Contributed by MERLE (BUS) CORNELIUS and produced by SUSAN STAFFORD.

Of Whence I Come, by Bus Cornelius

     In an overview of those who have graduated before me from Lane, Kansas high school I would like to record some of the deeds of those in the past from the records I have on file. The first four year graduating class of 1914 consisted of three people. Two of the first three that graduated in 1914 were Cornelius’s. Blanche Cornelius married Ulysses Rose of the class of 1916. Charlie died early in 1921. May NcNutt (Cloe) was the other graduate. [May McNutt graduated Lane 1914, returned to teach in 1916. Taught many of the students I will mention in the following pages.] May returned to teach at Lane in 1916. Many others in other classes went on to achieve some very high plateaus far exceeding the education given by this little rural school. Some where and some how this little rural country school installed a lot of character into some of its graduates: a good education and a lot of good common sense and the desire to succeed. To continue on with their education and to help there fellow man. Some of this may be credited to the selection of good teachers by the school board.

     Each one of us looks at success through a different pair of glasses. I remember in those early school days a lot of people wanted to be movie stars, to be involved in the theater, and in those days that seemed like the top of the ladder and the best profession with fame and fortune. Having lived the last sixty years in Southern California, near Hollywood, I have learned that view point of success is false. There is more scandal in this profession than in organized crime. For an industry that had the chance to influence our children and the world, they have shown at times some very poor leadership. Those people that wanted to be movie stars were just thinking of fame and glory for themselves. In paragraph four of this document, I will point out that those that selected to be school teachers who were the real heroes and the pillars of our time.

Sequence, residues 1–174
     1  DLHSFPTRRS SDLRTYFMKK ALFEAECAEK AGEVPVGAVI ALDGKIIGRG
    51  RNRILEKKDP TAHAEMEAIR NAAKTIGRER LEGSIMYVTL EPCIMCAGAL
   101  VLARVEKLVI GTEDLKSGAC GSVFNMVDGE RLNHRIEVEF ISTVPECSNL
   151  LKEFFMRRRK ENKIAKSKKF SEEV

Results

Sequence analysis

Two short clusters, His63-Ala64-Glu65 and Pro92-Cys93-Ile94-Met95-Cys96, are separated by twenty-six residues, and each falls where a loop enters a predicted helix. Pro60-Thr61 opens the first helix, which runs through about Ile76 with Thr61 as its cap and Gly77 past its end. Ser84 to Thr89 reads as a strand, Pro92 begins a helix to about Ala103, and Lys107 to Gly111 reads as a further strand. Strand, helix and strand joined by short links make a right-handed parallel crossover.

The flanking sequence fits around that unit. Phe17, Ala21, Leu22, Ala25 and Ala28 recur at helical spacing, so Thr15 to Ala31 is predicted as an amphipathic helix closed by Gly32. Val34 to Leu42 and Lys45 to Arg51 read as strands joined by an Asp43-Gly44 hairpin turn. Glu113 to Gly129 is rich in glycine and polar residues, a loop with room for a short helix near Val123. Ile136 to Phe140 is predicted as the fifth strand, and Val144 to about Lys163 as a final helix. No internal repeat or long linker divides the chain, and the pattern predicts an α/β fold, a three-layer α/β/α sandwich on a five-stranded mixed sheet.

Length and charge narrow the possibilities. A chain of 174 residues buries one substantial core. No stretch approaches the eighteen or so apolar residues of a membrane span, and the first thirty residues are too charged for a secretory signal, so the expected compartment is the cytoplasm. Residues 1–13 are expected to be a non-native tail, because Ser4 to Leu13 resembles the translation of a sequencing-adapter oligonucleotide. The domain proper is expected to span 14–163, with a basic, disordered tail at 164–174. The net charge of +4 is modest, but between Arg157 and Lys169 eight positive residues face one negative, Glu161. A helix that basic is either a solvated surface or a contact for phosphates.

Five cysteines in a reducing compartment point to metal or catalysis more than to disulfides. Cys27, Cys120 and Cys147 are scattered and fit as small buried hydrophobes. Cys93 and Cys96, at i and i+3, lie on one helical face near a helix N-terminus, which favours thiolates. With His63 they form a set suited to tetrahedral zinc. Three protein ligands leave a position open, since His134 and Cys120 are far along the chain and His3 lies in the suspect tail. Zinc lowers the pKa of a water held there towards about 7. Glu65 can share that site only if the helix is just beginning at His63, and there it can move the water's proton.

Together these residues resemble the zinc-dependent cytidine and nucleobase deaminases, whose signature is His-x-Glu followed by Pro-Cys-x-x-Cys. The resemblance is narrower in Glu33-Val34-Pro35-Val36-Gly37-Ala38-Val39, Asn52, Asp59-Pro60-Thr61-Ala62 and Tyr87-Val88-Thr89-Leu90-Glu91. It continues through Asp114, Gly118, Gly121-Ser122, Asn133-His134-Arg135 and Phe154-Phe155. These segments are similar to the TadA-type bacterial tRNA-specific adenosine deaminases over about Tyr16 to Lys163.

Coming from a rural community, some graduates were content to just be good farmers, merchants, carpenters, book keepers and house wives. Those are the ones that make up the back bone of this country. There were those that desired a higher education and coming from a poor area, we all know it was very difficult to achieve that education at that point in time. For some one to go to college it usually required some one else in the family to give up something.